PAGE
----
Teacher-student discourse is increasingly mediated through, by and with information and communication technologies: in-class discussions have found new, textually-rich venues online; chalk and whiteboard lectures are rapidly giving way to PowerPoint presentations. Yet, what does this mean experientially for teachers? This paper reports on a phenomenological study investigating teachers’ lived experiences of PowerPoint in post-secondary classrooms. As teachers become more informed about the affordances of information and communication technology like PowerPoint and consequently take up and use these tools in their (...)
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  16. Darcey M. Dachyshyn (2013). Children Dwelling in the Absence of Home. Indo-Pacific Journal of Phenomenology 12 (1).score: 12.0
    The lived experience of children dwelling in the absence of home is explored through the memoirs of Haddy, who as a child of four moved with her family from Fiji to Canada. The recollections of some refugee children along with situations from the author’s own life appear more nominally. The feeling of at-homeness, the act of leaving home, the experience of arriving in a new place, and making a new home are considered. Schutz’s (1971) notion of the ‘stranger’ is (...)
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  17. Francesco Savelli & James J. Knierim (2013). The Problem of Conflicting Reference Frames When Investigating Three-Dimensional Space in Surface-Dwelling Animals. Behavioral and Brain Sciences 36 (5):564-565.score: 12.0
    In a surface-dwelling animal like the rat, experimental strategies for investigating the hippocampal correlates of three-dimensional space appear inevitably complicated by the interplay of global versus local reference frames. We discuss the impact of the resulting confounds on present and future empirical analysis of the hypothesis by Jeffery and colleagues.
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  18. David Seamon & Robert Mugerauer (eds.) (1985/2000). Dwelling, Place, and Environment: Towards a Phenomenology of Person and World. Krieger Pub. Co..score: 11.0
     
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  19. Neil Saccamano (2011). Aesthetically Non-Dwelling: Sympathy, Property, and the House of Beauty in Hume's Treatise. Journal of Scottish Philosophy 9 (1):37-58.score: 10.0
    One of the distinctive features of Hume's presentation of disinterested aesthetic pleasure in the Treatise is its basis in sympathy as the communication of sentiment between a spectator and specifically an owner of a beautiful object. By tracking the recurring example of the beautiful house, which properly provides pleasure only to the owner who dwells in it, I reconsider the operation of sympathy in relation to property. My central argument is that sympathy underwrites the disinterested sociality of judgments of taste (...)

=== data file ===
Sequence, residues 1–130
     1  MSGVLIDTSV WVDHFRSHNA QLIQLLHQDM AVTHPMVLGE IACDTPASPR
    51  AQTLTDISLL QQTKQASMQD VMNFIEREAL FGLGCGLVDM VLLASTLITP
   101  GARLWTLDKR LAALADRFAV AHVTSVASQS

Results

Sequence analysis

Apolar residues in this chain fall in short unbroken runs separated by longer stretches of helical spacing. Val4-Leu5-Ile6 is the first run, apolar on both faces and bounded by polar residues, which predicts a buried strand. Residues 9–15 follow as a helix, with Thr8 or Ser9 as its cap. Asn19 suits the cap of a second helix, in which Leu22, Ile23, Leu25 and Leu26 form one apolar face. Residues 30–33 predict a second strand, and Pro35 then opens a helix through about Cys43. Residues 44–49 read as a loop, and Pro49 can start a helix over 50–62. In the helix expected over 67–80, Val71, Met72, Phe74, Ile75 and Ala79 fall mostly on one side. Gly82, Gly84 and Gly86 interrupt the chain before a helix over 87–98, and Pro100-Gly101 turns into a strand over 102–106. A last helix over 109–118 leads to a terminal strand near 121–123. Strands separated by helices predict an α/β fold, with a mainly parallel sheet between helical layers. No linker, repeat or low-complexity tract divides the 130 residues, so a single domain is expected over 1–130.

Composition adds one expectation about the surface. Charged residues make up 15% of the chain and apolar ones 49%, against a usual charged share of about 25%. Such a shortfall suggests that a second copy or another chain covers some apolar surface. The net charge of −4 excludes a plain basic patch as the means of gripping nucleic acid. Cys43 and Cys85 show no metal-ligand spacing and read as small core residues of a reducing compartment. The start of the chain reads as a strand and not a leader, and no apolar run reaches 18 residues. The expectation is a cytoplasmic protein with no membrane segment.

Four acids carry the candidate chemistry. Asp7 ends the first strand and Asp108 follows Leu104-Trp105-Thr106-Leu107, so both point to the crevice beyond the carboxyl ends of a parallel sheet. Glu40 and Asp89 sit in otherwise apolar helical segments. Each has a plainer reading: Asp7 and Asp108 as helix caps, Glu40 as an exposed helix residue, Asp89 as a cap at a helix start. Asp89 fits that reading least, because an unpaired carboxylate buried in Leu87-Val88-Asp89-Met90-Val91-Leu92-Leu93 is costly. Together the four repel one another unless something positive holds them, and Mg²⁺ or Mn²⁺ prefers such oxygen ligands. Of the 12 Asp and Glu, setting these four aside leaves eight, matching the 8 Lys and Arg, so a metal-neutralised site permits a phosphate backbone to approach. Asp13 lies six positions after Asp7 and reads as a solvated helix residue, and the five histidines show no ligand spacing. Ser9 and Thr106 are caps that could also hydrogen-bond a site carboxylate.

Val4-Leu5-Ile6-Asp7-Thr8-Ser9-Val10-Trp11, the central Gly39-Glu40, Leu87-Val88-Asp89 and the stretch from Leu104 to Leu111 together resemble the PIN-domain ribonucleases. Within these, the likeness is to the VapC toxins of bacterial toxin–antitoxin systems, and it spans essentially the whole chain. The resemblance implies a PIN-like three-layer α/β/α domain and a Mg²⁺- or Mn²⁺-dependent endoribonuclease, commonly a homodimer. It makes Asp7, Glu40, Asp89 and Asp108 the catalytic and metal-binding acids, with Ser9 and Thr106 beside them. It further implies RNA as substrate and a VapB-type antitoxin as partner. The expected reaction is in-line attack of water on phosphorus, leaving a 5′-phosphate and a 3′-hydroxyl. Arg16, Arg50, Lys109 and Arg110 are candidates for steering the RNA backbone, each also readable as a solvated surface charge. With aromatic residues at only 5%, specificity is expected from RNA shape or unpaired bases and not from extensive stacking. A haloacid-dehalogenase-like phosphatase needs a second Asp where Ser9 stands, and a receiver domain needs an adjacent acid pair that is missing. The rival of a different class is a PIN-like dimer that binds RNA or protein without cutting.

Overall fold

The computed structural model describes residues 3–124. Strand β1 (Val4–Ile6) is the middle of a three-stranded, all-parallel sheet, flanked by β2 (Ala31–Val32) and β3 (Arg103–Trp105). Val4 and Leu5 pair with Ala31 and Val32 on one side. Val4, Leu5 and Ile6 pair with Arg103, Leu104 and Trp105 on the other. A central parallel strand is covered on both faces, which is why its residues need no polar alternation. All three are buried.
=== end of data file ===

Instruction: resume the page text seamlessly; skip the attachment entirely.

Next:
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  20. Tim Ingold (2000). The Perception of the Environment: Essays on Livelihood, Dwelling & Skill. Routledge.score: 9.0
    In this work Tim Ingold provides a persuasive new approach to the theory behind our perception of the world around us. The core of the argument is that where we refer to cultural variation we should be instead be talking about variation in skill. Neither genetically innate or culturally acquired, skills are incorporated into the human organism through practice and training in an environment.They are as much biological as cultural.
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  21. Dominic Griffiths (2007). Reading Elements of the Later Heidegger as Myth. Phronimon 8 (2):25-34.score: 9.0
    The aim of this paper is to read Martin Heidegger’s later philosophy in terms of the assertion that themes such as the fourfold (das Geviert) and poetic dwelling could be interpreted as mythical elements within his writing. Heidegger’s later thought is often construed as challenging and difficult due to its quasi-mystical nature. However, this paper aims to illustrate that if one approaches his later thought from the perspective of myth, a different dimension of Heidegger’s thinking is revealed which is (...)
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  22. Christine Swanton (2010). Heideggerian Environmental Virtue Ethics. Journal of Agricultural and Environmental Ethics 23 (1-2):145-166.score: 9.0
    Environmental ethics is apparently caught in a dilemma. We believe in human species partiality as a way of making sense of many of our practices. However as part of our commitment to impartialism in ethics, we arguably should extend the principle of impartiality to other species, in a version of biocentric egalitarianism of the kind advocated by Paul Taylor. According to this view, not only do all entities that possess a good have inherent worth, but they have equal inherent worth, (...)
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  23. Kirsten Jacobson (2009). A Developed Nature: A Phenomenological Account of the Experience of Home. Continental Philosophy Review 42 (3):355-373.score: 9.0